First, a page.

Ireland's knowledge transfer sector is thriving - Annual Knowledge Transfer Survey 2017

Knowledge Transfer Ireland (KTI) – the national office that helps business to access and engage with the research base in Ireland – today (21.06.18) published its annual report: ‘KTI Review and Annual Knowledge Transfer Survey 2017’. 

The Annual Knowledge Transfer Survey examines business engagement and commercialisation activity in Ireland’s Research Performing Organisations (RPOs). The survey results indicate that collaboration with Irish industry is thriving and there is a robust pipeline of technology licences, spin-out companies and products reaching the market.

Highlights from report include, in 2017:

  • 1,324 active research collaborations with industry
  • 24 new products and services launched
  • 915 jobs in Active Spin-out Companies
  • 21 new spin-out companies created
  • 164 licence agreements signed
  • 82 percent of collaboration agreements signed with Irish companies

Speaking about the report’s findings, Minister for Training, Skills, Innovation, Research and Development’ John Halligan, T.D. said: “Innovation is key to maintaining competitiveness and Irish firms must prioritise innovation if they are to compete and win in a global marketplace. The Government is committed to helping companies turn good ideas into innovative products and services and ultimately jobs.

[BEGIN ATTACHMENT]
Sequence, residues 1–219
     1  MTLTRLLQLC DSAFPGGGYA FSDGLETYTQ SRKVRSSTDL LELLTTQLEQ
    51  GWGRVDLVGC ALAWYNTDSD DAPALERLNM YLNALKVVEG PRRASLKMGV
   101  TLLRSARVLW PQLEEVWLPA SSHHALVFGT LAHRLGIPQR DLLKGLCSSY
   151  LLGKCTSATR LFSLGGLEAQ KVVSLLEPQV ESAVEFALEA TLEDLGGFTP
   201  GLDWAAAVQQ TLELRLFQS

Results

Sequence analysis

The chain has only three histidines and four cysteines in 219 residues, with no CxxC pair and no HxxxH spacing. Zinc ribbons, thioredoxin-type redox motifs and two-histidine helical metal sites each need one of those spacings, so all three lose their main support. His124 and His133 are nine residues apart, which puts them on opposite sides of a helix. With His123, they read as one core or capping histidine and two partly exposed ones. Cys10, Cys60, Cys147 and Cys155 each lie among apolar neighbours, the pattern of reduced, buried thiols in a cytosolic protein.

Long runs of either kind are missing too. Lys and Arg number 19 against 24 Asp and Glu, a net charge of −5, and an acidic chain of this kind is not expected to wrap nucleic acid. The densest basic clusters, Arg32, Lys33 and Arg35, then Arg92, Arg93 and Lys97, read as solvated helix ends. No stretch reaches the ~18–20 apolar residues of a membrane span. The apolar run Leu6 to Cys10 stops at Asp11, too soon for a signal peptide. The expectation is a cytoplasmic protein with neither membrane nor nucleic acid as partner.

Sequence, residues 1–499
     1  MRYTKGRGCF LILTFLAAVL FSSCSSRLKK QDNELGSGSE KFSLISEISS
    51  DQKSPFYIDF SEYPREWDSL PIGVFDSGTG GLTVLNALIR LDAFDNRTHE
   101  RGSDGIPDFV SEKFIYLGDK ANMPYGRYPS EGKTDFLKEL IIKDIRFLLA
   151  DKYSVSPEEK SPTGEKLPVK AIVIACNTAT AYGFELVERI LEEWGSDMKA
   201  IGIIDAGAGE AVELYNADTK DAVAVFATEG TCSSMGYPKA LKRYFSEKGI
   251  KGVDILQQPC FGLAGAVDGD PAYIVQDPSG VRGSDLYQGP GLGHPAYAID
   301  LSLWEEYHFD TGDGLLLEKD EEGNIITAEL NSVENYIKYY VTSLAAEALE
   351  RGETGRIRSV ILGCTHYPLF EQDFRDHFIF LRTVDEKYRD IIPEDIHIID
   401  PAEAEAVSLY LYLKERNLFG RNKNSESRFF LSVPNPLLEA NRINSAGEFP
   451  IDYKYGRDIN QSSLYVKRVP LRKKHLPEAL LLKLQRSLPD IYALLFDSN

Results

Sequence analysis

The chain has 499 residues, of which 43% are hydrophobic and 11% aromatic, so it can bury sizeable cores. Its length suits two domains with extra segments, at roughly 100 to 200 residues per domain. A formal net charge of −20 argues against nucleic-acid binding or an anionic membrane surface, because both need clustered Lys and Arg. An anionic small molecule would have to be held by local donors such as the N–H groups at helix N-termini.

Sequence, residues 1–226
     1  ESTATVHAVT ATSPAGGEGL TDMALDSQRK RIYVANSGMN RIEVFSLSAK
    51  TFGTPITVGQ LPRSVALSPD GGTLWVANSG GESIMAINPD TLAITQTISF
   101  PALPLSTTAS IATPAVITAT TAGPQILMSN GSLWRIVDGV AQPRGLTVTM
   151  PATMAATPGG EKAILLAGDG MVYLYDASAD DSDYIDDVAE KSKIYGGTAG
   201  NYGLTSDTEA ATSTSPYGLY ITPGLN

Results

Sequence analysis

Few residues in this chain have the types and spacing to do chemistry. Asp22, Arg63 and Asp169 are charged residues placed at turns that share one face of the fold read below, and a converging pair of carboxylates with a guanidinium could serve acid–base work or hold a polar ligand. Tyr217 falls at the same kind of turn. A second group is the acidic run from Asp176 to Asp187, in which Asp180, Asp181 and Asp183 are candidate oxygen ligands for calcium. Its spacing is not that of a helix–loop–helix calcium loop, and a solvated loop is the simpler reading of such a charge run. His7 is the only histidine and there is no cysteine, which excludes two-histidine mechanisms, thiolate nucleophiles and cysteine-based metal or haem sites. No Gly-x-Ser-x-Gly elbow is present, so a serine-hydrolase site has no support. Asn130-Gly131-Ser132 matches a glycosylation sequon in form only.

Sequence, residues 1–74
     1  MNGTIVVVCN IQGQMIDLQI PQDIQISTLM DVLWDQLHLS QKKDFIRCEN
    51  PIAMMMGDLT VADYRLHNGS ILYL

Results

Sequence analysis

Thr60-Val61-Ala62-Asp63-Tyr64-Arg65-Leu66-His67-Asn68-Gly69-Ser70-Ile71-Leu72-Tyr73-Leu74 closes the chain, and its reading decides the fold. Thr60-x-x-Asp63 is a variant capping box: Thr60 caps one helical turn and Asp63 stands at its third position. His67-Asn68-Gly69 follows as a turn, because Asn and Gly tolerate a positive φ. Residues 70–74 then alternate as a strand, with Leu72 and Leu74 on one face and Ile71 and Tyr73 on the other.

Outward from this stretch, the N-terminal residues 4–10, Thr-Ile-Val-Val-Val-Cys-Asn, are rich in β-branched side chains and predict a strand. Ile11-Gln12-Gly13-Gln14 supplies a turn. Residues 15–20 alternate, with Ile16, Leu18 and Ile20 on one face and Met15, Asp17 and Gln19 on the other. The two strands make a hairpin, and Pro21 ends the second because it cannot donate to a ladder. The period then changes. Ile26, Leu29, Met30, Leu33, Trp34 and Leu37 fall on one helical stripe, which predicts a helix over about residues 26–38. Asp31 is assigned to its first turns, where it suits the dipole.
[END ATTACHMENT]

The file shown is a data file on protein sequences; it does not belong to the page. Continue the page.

“The findings of KTI’s 2017 annual report show that KTI and the work of Technology Transfer Offices are making it easier for Irish companies to access the knowledge and expertise available within our research performing organisations.

With a skilled technology transfer resource in the publicly-funded research sector and an active innovation system, I am confident we can further KTI’s work to make research collaboration and commercialisation simple and accessible.

Commenting on the report, Dr. Alison Campbell, Director of KTI, said: “At KTI, we help drive commercialisation from Ireland’s research base and it is clear that collaboration with Irish companies is flourishing. 

“In 2017, 82 percent of companies that signed collaboration agreements with research performing organisations were based in Ireland and 94 percent of collaboration agreements signed with the SME sector were with Irish SMEs.

“More generally, over 1,000 different companies have signed agreements with RPOs, relating to research related projects and there are over 300 companies for whom this is a repeat engagement over the past three years.

“Through our long-term monitoring of system performance, we are able to track outcomes from commercialisation and can report a significant number of spin-out companies remain active three of more years after their initial formation and observe a steady state of products and services making it to the market based on ideas and technology from state-funded research.”

The report can be read in full at: